3. Poor interaction with employees

The interview gives you the chance to scan through the work environment. You get to know how the boss interacts with his/her employees. Are the employees focused on their duties? Do the employees keep their heads down when the employer walks in? If the hiring manager takes long to answer why they like working with the company, this should serve as a red flag.

4. The hiring process is slow

It should not take long for the company to give you feedback about the job interview. If the hiring process is slow, it could show how disorganized the company is. Moreover, it could portray insufficient investment in the hiring culture or it may imply that the company is understaffed. If they are interviewing more candidates, they should take the liberty to inform you that you will soon be contacted once the interviews are over. Consequently, when they take long to get back to you, you should consider making a follow-up.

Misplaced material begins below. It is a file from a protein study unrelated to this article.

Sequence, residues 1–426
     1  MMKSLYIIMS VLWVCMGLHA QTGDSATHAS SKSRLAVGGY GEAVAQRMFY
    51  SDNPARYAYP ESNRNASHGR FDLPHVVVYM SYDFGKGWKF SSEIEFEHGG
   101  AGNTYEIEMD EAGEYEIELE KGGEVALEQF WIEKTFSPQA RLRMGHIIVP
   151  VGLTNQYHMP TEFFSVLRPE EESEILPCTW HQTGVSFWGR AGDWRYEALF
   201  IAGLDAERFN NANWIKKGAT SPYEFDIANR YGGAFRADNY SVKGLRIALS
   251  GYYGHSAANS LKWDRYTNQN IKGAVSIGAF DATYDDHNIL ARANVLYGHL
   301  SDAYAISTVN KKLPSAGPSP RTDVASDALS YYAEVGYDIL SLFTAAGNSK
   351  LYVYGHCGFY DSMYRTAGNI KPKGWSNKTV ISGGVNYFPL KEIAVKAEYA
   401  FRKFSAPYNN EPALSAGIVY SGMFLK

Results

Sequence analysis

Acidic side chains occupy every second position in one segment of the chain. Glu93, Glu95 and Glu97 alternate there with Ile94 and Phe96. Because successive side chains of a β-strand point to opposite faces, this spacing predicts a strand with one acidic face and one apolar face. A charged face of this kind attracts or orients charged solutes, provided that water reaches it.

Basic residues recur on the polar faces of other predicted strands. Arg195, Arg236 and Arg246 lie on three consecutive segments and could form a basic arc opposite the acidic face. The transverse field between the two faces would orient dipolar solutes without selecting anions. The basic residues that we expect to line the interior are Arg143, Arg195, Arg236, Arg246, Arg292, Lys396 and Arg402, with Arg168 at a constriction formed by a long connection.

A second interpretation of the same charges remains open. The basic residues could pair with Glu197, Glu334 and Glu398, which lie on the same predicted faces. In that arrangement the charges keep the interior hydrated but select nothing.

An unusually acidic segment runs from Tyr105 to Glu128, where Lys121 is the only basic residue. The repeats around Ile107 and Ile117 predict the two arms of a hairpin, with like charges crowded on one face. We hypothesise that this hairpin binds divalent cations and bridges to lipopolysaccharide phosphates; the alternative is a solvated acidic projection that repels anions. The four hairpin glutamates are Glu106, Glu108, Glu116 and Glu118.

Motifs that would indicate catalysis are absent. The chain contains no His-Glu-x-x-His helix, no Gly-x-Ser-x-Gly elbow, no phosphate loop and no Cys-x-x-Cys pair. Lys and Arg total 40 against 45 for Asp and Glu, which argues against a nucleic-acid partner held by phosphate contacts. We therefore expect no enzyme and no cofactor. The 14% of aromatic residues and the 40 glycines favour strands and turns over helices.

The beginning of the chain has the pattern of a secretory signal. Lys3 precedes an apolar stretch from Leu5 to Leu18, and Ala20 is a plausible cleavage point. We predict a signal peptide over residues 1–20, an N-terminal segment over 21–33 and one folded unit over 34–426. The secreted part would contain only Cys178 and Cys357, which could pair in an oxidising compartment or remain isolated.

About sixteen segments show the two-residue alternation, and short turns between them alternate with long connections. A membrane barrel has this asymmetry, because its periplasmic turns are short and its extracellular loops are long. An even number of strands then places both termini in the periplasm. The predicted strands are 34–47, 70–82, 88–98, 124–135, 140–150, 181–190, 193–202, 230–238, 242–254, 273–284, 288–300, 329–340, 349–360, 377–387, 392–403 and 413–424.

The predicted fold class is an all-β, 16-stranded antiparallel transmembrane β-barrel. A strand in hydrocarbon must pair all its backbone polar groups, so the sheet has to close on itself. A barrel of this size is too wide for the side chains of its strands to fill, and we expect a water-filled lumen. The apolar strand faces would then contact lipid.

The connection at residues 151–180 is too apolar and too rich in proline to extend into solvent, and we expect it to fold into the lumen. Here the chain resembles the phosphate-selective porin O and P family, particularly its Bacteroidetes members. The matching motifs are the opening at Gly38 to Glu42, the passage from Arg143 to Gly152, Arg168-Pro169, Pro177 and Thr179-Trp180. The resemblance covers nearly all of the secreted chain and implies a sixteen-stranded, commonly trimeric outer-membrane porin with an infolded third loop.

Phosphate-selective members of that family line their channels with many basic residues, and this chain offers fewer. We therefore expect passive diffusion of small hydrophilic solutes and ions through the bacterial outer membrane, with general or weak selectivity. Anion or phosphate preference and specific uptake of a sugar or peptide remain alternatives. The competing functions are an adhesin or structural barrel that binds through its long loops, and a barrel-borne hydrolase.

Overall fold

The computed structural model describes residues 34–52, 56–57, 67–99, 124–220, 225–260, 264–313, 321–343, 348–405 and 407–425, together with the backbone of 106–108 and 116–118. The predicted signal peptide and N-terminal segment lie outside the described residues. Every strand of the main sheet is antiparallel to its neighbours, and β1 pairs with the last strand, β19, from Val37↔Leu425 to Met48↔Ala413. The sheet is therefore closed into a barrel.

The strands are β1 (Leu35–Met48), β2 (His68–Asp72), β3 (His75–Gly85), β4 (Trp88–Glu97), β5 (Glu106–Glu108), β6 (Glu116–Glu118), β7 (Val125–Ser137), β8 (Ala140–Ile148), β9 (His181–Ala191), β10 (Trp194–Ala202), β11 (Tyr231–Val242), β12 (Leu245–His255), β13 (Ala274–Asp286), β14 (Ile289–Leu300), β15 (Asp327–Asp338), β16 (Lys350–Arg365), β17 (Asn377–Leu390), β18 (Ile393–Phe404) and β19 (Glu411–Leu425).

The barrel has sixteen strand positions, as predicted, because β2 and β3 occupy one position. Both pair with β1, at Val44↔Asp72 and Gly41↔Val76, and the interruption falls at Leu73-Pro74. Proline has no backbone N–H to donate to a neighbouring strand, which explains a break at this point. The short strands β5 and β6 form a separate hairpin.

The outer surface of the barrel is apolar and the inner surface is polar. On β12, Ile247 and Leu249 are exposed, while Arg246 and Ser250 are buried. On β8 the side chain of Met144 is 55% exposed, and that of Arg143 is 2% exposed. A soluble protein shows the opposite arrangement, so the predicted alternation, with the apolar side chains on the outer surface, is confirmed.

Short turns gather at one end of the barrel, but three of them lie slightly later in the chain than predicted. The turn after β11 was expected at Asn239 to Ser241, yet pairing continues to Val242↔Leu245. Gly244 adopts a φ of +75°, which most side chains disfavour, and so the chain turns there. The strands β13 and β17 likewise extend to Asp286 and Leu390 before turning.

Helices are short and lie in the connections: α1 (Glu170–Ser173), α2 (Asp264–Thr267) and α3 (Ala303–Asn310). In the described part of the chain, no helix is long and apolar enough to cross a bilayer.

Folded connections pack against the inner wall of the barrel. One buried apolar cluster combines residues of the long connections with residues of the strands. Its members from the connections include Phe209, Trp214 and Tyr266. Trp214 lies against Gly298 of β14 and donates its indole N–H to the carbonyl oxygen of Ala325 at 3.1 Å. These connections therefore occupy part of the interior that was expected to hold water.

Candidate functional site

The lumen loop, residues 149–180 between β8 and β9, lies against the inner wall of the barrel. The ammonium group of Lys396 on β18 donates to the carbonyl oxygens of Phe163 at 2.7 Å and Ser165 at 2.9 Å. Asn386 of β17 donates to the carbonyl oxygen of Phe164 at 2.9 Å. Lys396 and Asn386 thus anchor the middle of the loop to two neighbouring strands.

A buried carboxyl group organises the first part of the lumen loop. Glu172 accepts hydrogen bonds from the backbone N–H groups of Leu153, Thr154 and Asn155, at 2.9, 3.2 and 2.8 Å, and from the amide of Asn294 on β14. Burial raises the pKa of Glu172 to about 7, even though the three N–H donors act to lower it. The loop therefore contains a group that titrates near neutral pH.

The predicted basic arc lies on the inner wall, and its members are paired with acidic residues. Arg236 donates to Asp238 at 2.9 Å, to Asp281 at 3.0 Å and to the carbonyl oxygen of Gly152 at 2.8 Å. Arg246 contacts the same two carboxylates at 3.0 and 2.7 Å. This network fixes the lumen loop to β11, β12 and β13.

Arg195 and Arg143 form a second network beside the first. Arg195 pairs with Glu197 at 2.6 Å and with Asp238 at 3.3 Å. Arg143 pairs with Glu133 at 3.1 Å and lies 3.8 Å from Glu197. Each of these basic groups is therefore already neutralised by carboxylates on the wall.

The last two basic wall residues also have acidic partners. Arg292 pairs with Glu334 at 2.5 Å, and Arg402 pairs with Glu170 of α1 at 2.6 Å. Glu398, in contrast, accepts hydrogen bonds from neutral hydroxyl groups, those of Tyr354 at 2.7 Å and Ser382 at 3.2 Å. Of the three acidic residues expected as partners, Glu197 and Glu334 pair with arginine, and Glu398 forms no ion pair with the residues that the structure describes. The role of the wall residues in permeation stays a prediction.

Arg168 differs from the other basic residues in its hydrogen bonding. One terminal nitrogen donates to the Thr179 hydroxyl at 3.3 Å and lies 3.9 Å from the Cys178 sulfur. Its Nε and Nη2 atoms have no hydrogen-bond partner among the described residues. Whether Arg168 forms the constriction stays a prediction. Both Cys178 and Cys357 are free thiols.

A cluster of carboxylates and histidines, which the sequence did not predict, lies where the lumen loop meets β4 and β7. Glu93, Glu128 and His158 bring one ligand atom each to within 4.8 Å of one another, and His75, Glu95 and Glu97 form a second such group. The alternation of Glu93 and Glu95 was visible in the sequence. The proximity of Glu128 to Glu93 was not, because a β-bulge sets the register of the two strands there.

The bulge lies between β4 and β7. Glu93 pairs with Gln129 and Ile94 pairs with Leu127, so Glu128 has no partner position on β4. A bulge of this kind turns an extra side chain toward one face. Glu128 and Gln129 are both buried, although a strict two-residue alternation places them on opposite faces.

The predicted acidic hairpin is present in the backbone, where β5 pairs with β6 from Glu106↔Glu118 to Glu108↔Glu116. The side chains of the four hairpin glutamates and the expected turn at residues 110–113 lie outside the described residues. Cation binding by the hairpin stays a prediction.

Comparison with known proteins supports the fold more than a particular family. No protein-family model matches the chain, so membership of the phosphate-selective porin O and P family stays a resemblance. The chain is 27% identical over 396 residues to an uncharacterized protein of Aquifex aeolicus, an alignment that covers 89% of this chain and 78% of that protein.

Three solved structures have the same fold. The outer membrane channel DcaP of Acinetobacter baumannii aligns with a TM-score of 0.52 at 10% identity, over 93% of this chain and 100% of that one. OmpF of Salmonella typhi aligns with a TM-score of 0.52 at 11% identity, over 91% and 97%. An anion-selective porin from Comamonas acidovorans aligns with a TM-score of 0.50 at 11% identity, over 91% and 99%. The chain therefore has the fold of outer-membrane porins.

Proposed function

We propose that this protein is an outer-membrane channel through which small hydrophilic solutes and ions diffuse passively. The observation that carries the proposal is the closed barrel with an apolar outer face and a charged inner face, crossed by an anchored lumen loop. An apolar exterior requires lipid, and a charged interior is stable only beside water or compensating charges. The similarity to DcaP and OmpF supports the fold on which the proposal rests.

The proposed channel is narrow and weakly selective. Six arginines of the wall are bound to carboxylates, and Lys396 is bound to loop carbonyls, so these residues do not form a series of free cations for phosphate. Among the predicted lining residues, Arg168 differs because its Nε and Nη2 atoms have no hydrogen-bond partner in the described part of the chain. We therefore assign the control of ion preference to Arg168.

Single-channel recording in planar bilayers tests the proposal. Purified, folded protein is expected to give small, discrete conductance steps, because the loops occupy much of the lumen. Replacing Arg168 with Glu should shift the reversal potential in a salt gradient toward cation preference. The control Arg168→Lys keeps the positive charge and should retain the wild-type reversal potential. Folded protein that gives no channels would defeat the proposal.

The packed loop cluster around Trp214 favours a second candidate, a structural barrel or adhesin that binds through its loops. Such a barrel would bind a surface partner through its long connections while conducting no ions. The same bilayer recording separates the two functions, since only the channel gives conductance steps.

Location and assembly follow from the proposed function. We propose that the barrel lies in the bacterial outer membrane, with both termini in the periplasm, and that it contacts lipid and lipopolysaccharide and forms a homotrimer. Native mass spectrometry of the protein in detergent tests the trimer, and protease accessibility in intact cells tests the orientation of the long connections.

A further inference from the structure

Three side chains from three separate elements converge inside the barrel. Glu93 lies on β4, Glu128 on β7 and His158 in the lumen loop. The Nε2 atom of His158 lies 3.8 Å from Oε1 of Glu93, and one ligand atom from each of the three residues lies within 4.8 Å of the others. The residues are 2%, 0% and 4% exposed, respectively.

5. Numerous interview reschedules

The interviewers should put as much effort into attending interviews as you did. However, when the interviews get rescheduled without a valid reason, or your calls get dodged, close that door. It shows a lack of respect and commitment to candidates who have invested their energy and time. One reschedule should be cool, but take the cue when you are given other reasons to be concerned.

6. Impolite treatment for the interviewer

Is the interviewer friendly? A warm welcome? No? You know you are in the wrong place when the interviewer is unnecessarily rude to you. Understandably, they may have a bad day, but a consistent display of foul attitude towards you is a red flag. Maybe that is just their nature, and you would not want to work with people throwing insults at you. Good employers try to make you feel at home. Interviewers are expected to put their best foot forward during the interview process. 

7. The interviewer is not well-prepared